Sugar House popped up on my radar last year and became an instant favorite thanks to their songs that belenced between groovy post-punk and sometimes edgier, sometimes more melodic indie rock, often infused with a bit of psychedelia. They had their first releases, a single and a four track EP back in 2021 and been dropping individual tracks since, which were actually leading up to this release, their first, self-titled album, containing both old and new songs. Their output so far was near flawless, mostly following the post-punk / indie-rock sound with occasional detours to other styles, including dream pop / indie pop or the heavier, metal influenced guitar sound of Try It. So their debut album was amongst my most anticipated releases… but did it deliver? Well, it did, but with a few minor setbacks.

The biggest surprise here is that the edgier sound, that characterized the majority of their previous output takes a backseat here and instead, they let the more pop oriented songs take center stage. This more mellow sound is nothing new for them, they had some memorable dream pop tunes in the past, including So Bad and Just Wanna Live It Up and the even more poppy Part Of Life (all included in the album), but 25, the first proper track following the short intro, takes the auto tune infused sound of these one big step furher and crosses over to almost mainstream sounding pop-rock territories. The rumbling, edgy post-punk kicks in with I Want It and after The Fog, a slow, beautifully crafted melancholic piece, it returns with Shadows, another new track that heavily relies on the genre’s trademark howling guitar sound. They follow it up with an older, but similar tune, Move, where the band’s rhythm section really shines, but then they take an another turn towards their mellower side, with the three aformentoned older dream pop tracks before they wrap up the album with the dreamy psychedelia of Ⅱ (Continuation).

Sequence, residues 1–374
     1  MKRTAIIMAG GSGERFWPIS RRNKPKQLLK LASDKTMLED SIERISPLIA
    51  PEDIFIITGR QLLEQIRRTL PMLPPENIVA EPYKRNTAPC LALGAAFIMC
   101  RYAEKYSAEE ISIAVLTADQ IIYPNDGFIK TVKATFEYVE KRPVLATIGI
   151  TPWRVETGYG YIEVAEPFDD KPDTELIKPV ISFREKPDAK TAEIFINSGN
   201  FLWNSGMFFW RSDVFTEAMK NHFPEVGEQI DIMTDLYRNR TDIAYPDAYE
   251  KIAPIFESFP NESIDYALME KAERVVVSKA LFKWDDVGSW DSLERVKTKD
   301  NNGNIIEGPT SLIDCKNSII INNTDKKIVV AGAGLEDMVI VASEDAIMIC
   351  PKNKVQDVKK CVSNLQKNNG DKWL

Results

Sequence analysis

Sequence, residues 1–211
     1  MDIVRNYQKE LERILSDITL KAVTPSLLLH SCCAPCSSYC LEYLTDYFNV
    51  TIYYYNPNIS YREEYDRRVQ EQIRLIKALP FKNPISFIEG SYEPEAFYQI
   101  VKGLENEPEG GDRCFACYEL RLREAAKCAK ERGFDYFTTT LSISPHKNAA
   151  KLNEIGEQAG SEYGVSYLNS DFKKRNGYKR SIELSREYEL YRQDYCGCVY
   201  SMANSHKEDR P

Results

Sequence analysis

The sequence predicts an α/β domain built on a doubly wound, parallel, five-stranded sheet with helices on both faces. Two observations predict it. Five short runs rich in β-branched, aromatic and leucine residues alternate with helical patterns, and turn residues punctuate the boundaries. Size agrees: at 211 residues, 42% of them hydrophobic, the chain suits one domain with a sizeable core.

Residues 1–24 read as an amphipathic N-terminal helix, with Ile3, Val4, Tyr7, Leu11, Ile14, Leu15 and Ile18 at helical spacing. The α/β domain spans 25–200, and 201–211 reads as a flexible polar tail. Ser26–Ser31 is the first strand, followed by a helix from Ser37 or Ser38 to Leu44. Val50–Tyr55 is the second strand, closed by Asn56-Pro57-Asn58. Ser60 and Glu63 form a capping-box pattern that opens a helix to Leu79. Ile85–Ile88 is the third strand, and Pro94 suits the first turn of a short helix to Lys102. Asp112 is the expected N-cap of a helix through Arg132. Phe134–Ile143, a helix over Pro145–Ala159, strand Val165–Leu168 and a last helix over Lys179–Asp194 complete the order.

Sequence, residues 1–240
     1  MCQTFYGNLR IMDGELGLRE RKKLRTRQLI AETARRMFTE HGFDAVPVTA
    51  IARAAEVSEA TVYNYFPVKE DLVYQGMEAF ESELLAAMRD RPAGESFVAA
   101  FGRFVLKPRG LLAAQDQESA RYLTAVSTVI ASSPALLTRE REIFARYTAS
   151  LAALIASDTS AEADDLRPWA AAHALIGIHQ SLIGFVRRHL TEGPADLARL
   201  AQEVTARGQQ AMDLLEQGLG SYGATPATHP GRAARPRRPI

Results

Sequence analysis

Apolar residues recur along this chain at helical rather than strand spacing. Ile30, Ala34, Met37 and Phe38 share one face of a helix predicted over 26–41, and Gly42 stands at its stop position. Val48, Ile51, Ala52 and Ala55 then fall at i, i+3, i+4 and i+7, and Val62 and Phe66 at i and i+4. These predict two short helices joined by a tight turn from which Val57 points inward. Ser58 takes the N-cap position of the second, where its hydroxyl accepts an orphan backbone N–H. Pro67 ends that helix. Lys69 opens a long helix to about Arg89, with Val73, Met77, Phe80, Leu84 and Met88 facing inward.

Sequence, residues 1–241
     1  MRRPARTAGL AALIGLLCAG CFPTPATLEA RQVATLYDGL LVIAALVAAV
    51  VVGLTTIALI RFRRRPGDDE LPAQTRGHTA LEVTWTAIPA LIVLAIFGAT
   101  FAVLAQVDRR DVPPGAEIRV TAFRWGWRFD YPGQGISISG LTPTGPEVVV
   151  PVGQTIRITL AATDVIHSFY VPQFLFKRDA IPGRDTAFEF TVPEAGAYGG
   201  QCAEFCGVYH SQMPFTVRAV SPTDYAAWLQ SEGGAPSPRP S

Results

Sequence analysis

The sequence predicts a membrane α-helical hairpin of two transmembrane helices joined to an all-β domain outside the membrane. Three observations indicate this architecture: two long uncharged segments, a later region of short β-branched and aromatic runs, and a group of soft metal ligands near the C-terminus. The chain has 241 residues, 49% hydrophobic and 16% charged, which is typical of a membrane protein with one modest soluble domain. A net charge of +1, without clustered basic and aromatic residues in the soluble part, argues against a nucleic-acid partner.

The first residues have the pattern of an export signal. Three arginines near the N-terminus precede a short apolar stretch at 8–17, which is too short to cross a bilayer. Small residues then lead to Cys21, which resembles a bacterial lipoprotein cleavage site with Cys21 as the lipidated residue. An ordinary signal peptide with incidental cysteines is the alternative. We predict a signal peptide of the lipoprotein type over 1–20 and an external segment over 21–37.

While the album is still a collection of great tracks, even with this noticeable shift towards the lighter side, the problem is that while it jumps back and forth between the harder and more mellow tunes, it somehow loses focus. As if the band was not sure if they should go all indie pop or stick to their post-punk / indie-rock origins and ended up going for too many different directions at once. Diversity is a good thing in most cases, but here it is just too much, and bacause of this the album falls apart a bit and the otherwise amazing songs get lost in this process. Still, with all this, the album proves that Sugar House is definitely a band that is worth to keep an eye on and it will be very interesting to see which way they will go on from here.

Sugar House
Warehouse Tracks / digital, cd
01.Intro +
04.The Fog
07.So Bad
08.Just Wanna Live It Up
09.Part of life
10.Ⅱ (Continuation)